Is that something you would agree with? That a good marriage is not defined on how much or little sex you are having [other commenters mentioned things like emotional issues, abuse in the past and other aspects which can affect your sex] but that it might be a warning sign, a smoke alarm if you will, to the possibility of there being a fire needing to be taken care of?

[Valerie]: In short, I don’t think the strength or health of a marriage should be defined on how much or little sex is happening. But, if one or both parties are finding the amount of sex (shall we leave the quality to the side for now?) an issue, which I believe is where the first blog post started, then by all means that needs to be addressed. And I think the first blog did that well – in essence you flipped it on it’s head from “how much am I entitled to” to the deeper issues that could, and often do, underlie a question like that. The back-story if you like.

My main concern is that we don’t perpetuate the myth that sex is the pinnacle of a relationship. It’s what we tell Christian young people before they get married and create in essence a mythical “IT”, much like Hollywood does. When the newly-wed couple eventually gets down to it we have bogged them down with so much guilt, shame, expectations and assumptions along with an idealized vision of “IT” which, let’s be honest, has little to do with the actual messy, fun, awkward, emotional, vulnerable, experience of sex-in-real-life that it’s little wonder they get so easily entangled in the complexities of it.

And I’m worried that similar discussions of sex and it’s place in marriage do essentially the same: elevate sex to being the “IT” of marriage – the purpose, the indicator of health, the thing we should be striving for (more or better of), the reason why we do the things that make our spouse feel loved etc (ooh, and that last one especially, the “I’m buying you flowers because I love you, but secretly I’m really just earning brownie points and we both know it.”)

[Brett]: Yes, exactly. You’re talking about the ‘No sex til marriage’ whip that is held above Christian young people [which becomes completely guilt-inducing every time they mess up in any way sexually] and then at some stage they get married and are instantly meant to change to a “sex is allowed and great” mentality. That is such a confusing thing we do to people and it can take years to work through that one.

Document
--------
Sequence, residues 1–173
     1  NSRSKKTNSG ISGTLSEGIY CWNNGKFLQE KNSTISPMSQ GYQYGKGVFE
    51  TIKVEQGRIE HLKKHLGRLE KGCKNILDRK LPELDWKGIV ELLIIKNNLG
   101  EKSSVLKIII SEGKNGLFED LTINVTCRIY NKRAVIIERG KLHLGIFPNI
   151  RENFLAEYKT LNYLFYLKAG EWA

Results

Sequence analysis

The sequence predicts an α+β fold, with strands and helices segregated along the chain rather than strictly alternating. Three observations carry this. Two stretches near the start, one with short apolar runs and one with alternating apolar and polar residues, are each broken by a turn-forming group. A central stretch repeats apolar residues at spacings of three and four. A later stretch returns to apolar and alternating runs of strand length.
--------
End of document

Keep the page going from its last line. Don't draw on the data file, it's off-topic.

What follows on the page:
Sex in marriage IS great. But you know what is also great in marriage? Cuddling. And cooking a meal together. One of my favourite things [and I think yours] is to lie next to each other at the end of the day and just talk about life and ‘solve all the world’s problems’ [well, most of them]. Also playing board and card games together. Watching a series we both enjoy. And so on. I think this is a message that could be given out a lot more on this one – that sex is great alongside a lot of other things that are great.

[Valerie]: Totally. We follow up the “no sex outside marriage” whip with the “sex in marriage” whip (that’s another story!) that creates a lot of guilt about how much is being had, shame about what is and isn’t allowable now that the general veil has been lifted, expectations about what it’s going to be like. So phrases like “if a relationship is done properly, and both people are happy, comfortable and secure in the relationship, sex will follow” just add guilt on guilt and shame on shame and resentment and disappointment and even blame at its worst. Yes, it IS wonderful. It is messy and awkward and vulnerable. It is fun. But it is also one – yep, just ONE – of a myriad things that make my relationship good and fun and healthy and fulfilling and satisfying and comfortable and secure and and and. Let’s get a little perspective in here, yo!

We would LOVE to hear your thoughts and comments on our thoughts and comments and any follow-up questions you might have…

[to read the original blog post that started this all, click here]